What’s scarier: a documentary about a psychopathic serial killer, or a horror movie about a psychopathic serial killer?
It’s a tough call. We all know the most unsettling films are not the ones that come with bright red fake blood, CGI and ghouly monsters but those that tap into something closer to home; that creep under your skin and prey on your deepest fears; that force you to question the darker side of your existence.
40 years ago, when The Exorcist was released, it was heralded as the scariest film ever made. It wasn’t just a film release, it was an event, and stories of priests anointing people as they went into theatres, and St. John ambulances with stretchers being placed on standby kept the movie in the papers for months.
In 2017, our lives are saturated with graphic images and the general consensus is that if you want to be disturbed, the most you need to do is spend 10 minutes on Twitter or scroll through your Facebook feed after an election. So what do we even need made-up horror for anymore? And how can you disturb an audience that’s become immune to harrowing images due to constant overexposure?
Modern horror directors certainly have their work cut out.
One director who's attempted to cut through the noise is Nicolas Pesce, with his American Gothic-inspired black and white debut, The Eyes Of My Mother. The approach Nicolas took was to try and evoke that fear you feel as a child when you’re too scared to sleep. “That doesn’t happen to adults anymore, but what if it did?” he asks. “What are adults afraid of?”
The first-time director drew on his own childhood experiences. “There are things from my childhood that sound really strange out of context – and just like the fabric of horror movies,” Nicolas tells Refinery29 over the phone from New York. Nicolas’ mother was an eye doctor, and the pair would regularly dissect cow heads on the kitchen table (she thought it was important that he understood anatomy). She was also his Sunday School teacher.
The film follows Francisca (Kika Magalhaes), a young girl whose mother (an eye surgeon played by Diana Agostini) is murdered by a door-to-door salesman. Soon after, her father also dies and Francisca is left alone with a very warped idea of what friendship and family look like. She's that particularly frightening brand of killer – the kind that's driven by a deep sense of isolation and a desperate need to love, and be loved.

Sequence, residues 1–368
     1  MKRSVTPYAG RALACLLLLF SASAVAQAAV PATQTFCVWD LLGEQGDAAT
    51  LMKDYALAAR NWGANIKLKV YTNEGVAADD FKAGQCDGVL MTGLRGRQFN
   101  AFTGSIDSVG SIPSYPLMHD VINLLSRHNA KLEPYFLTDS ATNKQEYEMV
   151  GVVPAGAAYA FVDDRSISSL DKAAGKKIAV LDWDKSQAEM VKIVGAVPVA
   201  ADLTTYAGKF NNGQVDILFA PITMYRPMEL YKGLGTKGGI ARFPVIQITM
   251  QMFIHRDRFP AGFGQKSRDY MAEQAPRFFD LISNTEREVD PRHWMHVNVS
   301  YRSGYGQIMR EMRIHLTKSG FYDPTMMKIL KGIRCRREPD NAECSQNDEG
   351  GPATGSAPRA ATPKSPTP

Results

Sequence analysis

A low budget meant raw material – there’s no CGI to hide behind or teams of makeup artists to help with the special effects – so most of the really gory bits happen offscreen. As such, the grimmest parts of the film are left to your own imagination.
Growing up on a diet of American Gothic horror films helped Nicolas master the art of deeply unsettling an audience. “I think there’s a really fascinating abstract mood manipulation that happens in horror,” says the director. “Being able to scare someone is unique to movies. It doesn’t quite work in theatre. Something like comedy works in a theatre, but horror doesn’t work outside of movies.”
Horror is a peculiar genre of film. At some point during the '80s, what was once a genuine art form was taken over by green monsters, teenagers and pastiche – and it’s only just started to recover. “We did teen screams, and girls running around topless covered in blood, and that sold tickets,” Nicolas observes. “But now you’re seeing things that are about something first. The horror is just the window-dressing.”
To really scare an audience in 2017, Nicolas argues, you have to start with something real. “I think now what it takes to scare an audience is a lot more emotional and visceral,” he continues. “I say this in the most endearing way – but horror movies aren’t always real movies. And when I say a real movie, you look at a classic like The Godfather, it has emotional character and you relate to these people, and no matter the circumstances you feel connected.”
“The scariest thing about scary movies is seeing yourself in someone that you would never want to see yourself in,” he continues. “Someone you’d like to be able to say, ‘Oh my god I’m nothing like that person’ – but you actually are. If you think about serial killers, they aren’t killing people 100% of the time. They have to be normal people some of the time. That is the darkest part of it. There is a normal person inside this person who does these bad things, there’s a reason why they’re doing it.”
Because when you’ve seen everything, what’s left to be scared of? Your own mind. And nothing leaves you at the mercy of that quite like being totally alone, as Francisca is for most of the film. As the master of horror, Stephen King once said: “Alone. Yes, that's the key word, the most awful word in the English tongue. Murder doesn't hold a candle to it and hell is only a poor synonym.”
But what purpose do horror films serve, when real life is scary enough already? “It’s a really safe but important way of exploring these sorts of things,” concludes Nicolas. “There are people like Francisca in the world and I could go and make a documentary about those people. But that would be too dark an exploration for me. Even for me, who’s making this movie, I don’t want to go that far.”